It’s understandable, the rich need the famous. The kingdom needs a global sporting identity. They have none. They don’t have time to make one either. So just buy the most famous sporting specimen in the world, which is Messi. The Argentine is not bothered by what they would say or how they would perceive him. Forget the activists, the “wokes” and communists. There is little obligation for a sportsman to embrace a politically correct path, or to ride a moral high horse. Diplomacy is the more practical virtue.
Only a few truly great athletes are sensitive to social and moral concerns. Mohammad Ali was one, Jesse was another: Pele and Usain Bolt were not. Perhaps, Ali and Owens were aberrations. The demands of modern sport is such that theirs is a cocooned existence, their life trapped in four walls of an arena, glory and adulation their drug. Often, it’s the less great athletes that turn activists or stand for a cause (Megan Rapinoe and Marcus Rashford for example).
Maybe, Messi is truly ignorant of the politics of the country he was endorsing. But before he was unveiled, the families of political prisoners sent him a letter organised by human rights advocacy body Grant Liberty to refuse the offer. “If you say ‘yes’ to Visit Saudi you are in effect saying yes to all the human rights abuses that take place today in modern Saudi Arabia,” read the letter, which was first published in February 2021. “But if you say ‘no’ you will send an equally powerful message – that human rights matter, that decency matters, that those who torture and murder do not do so with impunity. The world must stand up to those who trample on others. The Saudi regime wants to use you to launder its reputation.”
Paris St Germain’s Lionel Messi. (Reuters)
Their voices went unheard and unheeded. Maybe, there was external pressure, maybe he truly did not care, maybe the lure of the lucre was irresistible. None of these would, at the end of the day, affect Messi’s fame, or his place among the great athletes of all time. But by happenstance or not, Messi is emerging as the face and scale of the ambition of rich and powerful Middle Eastern states. For two years, he was part of PSG, purchased by Qatar to beautify its image before the World Cup. Messi was on the payroll of a Qatar-owned club when the country hosted the World Cup. It is difficult to see him playing football in 2030, the year Saudi is striving to host the World Cup, but it is not hard to imagine that Messi would still be the poster-boy of the tournament, or even the glittering face of it. Maybe, he would hand over the trophy to the winners, clad in the traditional Middle Eastern cloak. It’s like you need Messi to host the World Cup, either as their ambassador or playing for the club they are pay-rolling.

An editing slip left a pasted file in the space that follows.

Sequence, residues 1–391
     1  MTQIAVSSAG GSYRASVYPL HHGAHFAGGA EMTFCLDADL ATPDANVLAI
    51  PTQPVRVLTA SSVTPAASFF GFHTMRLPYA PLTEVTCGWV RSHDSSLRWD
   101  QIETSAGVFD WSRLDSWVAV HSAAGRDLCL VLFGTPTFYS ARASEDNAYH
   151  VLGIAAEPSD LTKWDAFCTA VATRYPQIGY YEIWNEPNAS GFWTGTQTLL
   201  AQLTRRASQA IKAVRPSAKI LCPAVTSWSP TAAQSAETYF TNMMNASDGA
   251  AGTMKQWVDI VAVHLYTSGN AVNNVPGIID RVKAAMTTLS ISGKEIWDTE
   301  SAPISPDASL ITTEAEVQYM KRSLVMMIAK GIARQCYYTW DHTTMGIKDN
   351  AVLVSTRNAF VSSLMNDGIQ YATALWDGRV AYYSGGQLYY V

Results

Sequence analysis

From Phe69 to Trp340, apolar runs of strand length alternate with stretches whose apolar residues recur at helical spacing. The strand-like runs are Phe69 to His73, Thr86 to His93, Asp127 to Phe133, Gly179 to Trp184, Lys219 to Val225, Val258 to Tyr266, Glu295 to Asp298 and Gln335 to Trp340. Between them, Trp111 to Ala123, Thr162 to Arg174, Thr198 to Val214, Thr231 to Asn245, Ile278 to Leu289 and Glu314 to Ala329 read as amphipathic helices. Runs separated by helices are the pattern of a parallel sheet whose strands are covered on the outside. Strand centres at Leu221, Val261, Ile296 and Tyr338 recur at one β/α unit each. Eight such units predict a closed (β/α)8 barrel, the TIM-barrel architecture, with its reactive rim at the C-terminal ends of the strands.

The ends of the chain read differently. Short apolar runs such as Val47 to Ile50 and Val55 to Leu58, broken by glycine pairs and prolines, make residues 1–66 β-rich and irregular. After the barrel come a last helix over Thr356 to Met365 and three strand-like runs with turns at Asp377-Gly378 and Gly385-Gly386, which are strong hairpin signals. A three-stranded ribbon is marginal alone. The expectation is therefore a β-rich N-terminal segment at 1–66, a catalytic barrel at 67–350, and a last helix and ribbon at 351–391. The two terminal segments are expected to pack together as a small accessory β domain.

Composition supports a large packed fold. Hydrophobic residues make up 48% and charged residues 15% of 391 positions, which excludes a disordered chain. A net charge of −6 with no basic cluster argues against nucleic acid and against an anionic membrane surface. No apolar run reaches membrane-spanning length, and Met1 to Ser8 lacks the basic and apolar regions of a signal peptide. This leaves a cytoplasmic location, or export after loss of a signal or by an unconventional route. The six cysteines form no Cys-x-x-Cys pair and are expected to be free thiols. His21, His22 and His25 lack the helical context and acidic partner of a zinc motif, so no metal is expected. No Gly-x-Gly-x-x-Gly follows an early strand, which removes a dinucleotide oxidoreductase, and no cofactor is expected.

Messi lifting the trophy with the black bisht, thin and see-through, wrapped over his Argentina shirt by the emir of Qatar, Sheikh Tamim bin Hamad al-Thani, could well be a symbolic moment. A symbol of vaulting sporting ambition, to promote a sport-loving, outward-facing image, a thick coat of paint to wash over their supposed conservative image.
To a large extent, it worked in Qatar. Lazy stereotypes were busted, Qatar gained acceptance and won a lot of love. Saudi would believe the ploy of making Messi its tourism ambassador could be a perception breaker. The country should not be projected as some kind of evil. It has money and resources, it wants to remould its image, and for that it seeks some of the most recognizable faces in the world. Football stars are the safest bet too.
So Messi could shutter down his glorious career in Saudi. As would Ronaldo, who is already playing in the Saudi league. Other greats in the sunset of their career could join them, and make Saudi an unlikely destination for the semi-retired titans. It’s not because Saudi wants to improve the standard of the league, or the game in the country, but to create a brand and image, just as it was for Qatar when it acquired majority stakes in PSG. Had the intention been to construct a world-beating club, they would have aspired to create a system and structure, and not make an aimless ensemble of expensive players. And there’s no bigger brand or powerful image-builder in the world than Messi. If any, Messi’s real association with Saudi might have just begun, and that makes him neither a saint nor a devil.